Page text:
Wandering to the White House
A biography of the remarkably common everyman who became president.

Married, in Texas
How does a nice Jewish boy from Long Island write and produce a cartoon about life in the Texas suburbs?

Q&A;: Tim Blake Nelson
Tim Blake Nelson '86 stars alongside George Clooney and John Turturro in O Brother, Where Art Thou?, Joel and Ethan Coen's award-winning adaptation of Homer's Odyssey set in the Depression-era South.

Q&A;: Kate Burton
This winter Kate Burton '79 captivated Boston theatergoers and out-of-town critics with her title-role performance in Henrik Ibsen's Hedda Gabler. In his review of the Huntington Theatre Company's production, the New York Times's Ben Brantley wrote that Burton is "giving one of those rare benchmark performances that redefine both a classic character and an actress."

Drifting From Cuba
The ocean can be a world of uncertainty and love.

The View from the Library
Finding truth in old checks and minor characters.

Where Dot-Coms Meet Old Growth
A magazine determined to tell the real story of the Pacific Northwest.

Critics' Corner



Q&A;: Tim Blake Nelson

Tim Blake Nelson '86 stars alongside George Clooney and John Turturro in O Brother, Where Art Thou?, Joel and Ethan Coen's award-winning adaptation of Homer's Odyssey set in the Depression-era South.

By Kari Molvar '00

BAM How did you land the part in O Brother, Where Art Thou?

Nelson Joel and I are friends. We got to know each other through The 52nd Street Production, which works with kids from Hell?s Kitchen and is a bit of a hub in the theater and film community in New York. I knew vaguely that Joel and Ethan were doing a film with George Clooney, but at the time I was in Charleston, South Carolina, directing O, a modern-day adaptation of Othello.

Touchstone/Universal Pictures
Turturro, Nelson, and Clooney

One day Joel called me and said, ?Can I send you this script? I need your advice.? I couldn?t imagine what he would want to ask me, but I did know that the script was an adaptation of The Odyssey. I thought maybe he wanted to know how successful he and Ethan had been in the adaptation, since I was a classics major. A week after I read the script, I got a phone call from Joel. He said, ?Look, I don?t really need your advice?I want you to play the role of Delmar.?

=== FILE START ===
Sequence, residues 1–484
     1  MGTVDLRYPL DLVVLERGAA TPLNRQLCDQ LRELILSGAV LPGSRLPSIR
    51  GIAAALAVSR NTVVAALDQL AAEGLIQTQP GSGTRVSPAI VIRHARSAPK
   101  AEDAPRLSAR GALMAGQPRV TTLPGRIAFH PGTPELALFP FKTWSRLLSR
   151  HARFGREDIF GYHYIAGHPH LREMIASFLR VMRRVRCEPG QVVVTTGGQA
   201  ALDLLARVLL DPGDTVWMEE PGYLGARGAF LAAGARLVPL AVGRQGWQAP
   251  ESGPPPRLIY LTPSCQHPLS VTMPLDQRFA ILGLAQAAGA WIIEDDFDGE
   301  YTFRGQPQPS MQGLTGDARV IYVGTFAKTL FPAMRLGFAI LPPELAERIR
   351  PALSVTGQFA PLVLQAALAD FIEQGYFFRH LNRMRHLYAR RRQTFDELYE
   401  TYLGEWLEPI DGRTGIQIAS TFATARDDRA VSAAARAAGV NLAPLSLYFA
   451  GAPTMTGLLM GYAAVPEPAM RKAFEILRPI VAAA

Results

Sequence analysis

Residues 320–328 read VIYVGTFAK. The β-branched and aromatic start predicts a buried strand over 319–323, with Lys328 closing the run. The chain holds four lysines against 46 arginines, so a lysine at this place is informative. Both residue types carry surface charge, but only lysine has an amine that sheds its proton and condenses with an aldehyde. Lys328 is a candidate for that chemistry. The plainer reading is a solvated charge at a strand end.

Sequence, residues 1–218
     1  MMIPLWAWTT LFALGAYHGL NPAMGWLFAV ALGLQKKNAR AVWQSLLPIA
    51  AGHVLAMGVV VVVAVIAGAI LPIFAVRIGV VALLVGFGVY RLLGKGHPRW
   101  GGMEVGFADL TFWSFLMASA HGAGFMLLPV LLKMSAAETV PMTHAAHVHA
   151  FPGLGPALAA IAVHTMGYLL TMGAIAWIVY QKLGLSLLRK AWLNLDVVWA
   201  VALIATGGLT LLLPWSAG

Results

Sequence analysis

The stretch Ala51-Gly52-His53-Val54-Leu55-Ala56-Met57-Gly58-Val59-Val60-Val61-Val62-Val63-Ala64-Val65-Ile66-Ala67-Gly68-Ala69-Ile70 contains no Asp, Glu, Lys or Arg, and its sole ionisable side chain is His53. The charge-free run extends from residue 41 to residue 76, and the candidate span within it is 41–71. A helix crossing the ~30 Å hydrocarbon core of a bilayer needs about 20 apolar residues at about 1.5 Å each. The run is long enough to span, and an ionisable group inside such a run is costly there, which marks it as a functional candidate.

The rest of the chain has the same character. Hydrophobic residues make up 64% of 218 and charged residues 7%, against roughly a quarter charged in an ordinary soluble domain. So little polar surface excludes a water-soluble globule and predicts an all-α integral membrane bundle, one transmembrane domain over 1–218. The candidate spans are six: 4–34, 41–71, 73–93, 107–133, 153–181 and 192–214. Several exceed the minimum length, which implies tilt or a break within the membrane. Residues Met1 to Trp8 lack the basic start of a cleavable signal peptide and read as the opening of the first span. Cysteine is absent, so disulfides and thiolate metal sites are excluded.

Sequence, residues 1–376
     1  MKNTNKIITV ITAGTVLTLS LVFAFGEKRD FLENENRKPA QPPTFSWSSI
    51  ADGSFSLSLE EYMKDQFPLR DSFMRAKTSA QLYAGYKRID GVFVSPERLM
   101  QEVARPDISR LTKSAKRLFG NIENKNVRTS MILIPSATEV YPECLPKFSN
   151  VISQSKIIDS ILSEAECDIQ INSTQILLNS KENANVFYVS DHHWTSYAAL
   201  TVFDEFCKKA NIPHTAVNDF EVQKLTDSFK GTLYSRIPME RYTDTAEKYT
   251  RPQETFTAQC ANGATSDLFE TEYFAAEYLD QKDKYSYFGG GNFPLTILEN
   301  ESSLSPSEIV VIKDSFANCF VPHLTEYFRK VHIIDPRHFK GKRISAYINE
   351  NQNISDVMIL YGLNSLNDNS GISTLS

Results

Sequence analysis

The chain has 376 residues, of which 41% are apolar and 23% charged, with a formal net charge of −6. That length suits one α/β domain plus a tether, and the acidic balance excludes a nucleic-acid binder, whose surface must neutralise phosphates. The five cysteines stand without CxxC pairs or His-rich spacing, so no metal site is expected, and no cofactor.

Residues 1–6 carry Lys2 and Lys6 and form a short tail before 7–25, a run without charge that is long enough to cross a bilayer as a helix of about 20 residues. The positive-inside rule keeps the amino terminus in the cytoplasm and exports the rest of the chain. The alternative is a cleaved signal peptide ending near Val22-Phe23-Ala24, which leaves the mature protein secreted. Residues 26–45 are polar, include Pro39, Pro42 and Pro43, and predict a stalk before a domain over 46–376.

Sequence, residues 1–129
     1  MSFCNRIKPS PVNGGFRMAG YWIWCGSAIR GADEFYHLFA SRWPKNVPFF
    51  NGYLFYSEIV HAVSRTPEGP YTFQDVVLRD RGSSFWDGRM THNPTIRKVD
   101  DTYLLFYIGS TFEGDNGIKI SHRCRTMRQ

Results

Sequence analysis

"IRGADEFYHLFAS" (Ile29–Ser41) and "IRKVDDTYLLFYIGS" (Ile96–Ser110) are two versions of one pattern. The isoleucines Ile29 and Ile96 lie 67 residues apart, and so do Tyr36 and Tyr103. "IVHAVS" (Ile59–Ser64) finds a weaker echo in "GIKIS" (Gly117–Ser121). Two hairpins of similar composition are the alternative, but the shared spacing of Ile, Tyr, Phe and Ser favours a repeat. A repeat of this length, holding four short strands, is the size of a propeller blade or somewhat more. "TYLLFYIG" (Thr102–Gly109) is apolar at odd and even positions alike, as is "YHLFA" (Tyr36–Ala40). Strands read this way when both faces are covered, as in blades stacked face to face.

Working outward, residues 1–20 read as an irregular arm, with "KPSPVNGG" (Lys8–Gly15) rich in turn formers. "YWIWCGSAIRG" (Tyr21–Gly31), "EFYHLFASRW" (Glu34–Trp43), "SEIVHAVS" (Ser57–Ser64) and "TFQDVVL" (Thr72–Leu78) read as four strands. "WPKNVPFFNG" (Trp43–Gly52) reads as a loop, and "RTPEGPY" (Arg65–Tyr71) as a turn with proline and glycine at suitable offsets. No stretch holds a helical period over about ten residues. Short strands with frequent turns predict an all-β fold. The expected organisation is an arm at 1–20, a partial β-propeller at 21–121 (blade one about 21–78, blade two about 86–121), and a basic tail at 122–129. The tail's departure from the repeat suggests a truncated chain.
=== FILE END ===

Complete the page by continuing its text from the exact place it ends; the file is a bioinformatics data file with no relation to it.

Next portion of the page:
BAM Did you hesitate before taking the role?

Nelson Well, Joel started his film six weeks after I had wrapped principal photography on O. So what ended up happening was that Joel housed me, my editor, and all my equipment on location in Mississippi, where he was shooting. During the entire shoot of O Brother, Where Art Thou? I was acting during the day and editing at night.

BAM How much time did you have to prepare for your role?

Nelson I rehearsed for a day. I had to show O to Miramax on a Friday and fly to Mississippi that night. On Monday, I was being beaten to a pulp by John Goodman [for a scene in O Brother, Where Art Thou?].

BAMWhy do so many actors rave about working with the Coen brothers?

Nelson Well I?m a character actor; I?m not going to win any beauty contests. Joel and Ethan write roles for actors who look like me. They make you feel that your presence in a role is essential to their vision. They achieve that by offering you quiet encouragement and by making you feel that you can do no wrong. Good roles are an incredibly finite resource. Good roles written by Joel and Ethan Coen are even more finite because they only make a film every two years.

BAM Is it difficult to juggle writing, acting, and directing?

Nelson Acting is more fun, but writing and directing are more rewarding. My guiding principle has been: if it?s an interesting story, I want to serve it in the best way possible, given my abilities and my limitations. Sometimes that means acting, sometimes that means directing, sometimes that means writing and directing. Perhaps in the future I?ll find combinations I haven?t yet considered.

BAM How much did your interest in the classics influence your decision to do a Homer-inspired film?

Nelson Well, I was a Latinist at Brown, more of an ancient-Rome classicist than someone who studied Greek. I read The Odyssey twice in different classes, but I have to admit I would have been even more excited if it had been an adaptation of the Aeneid.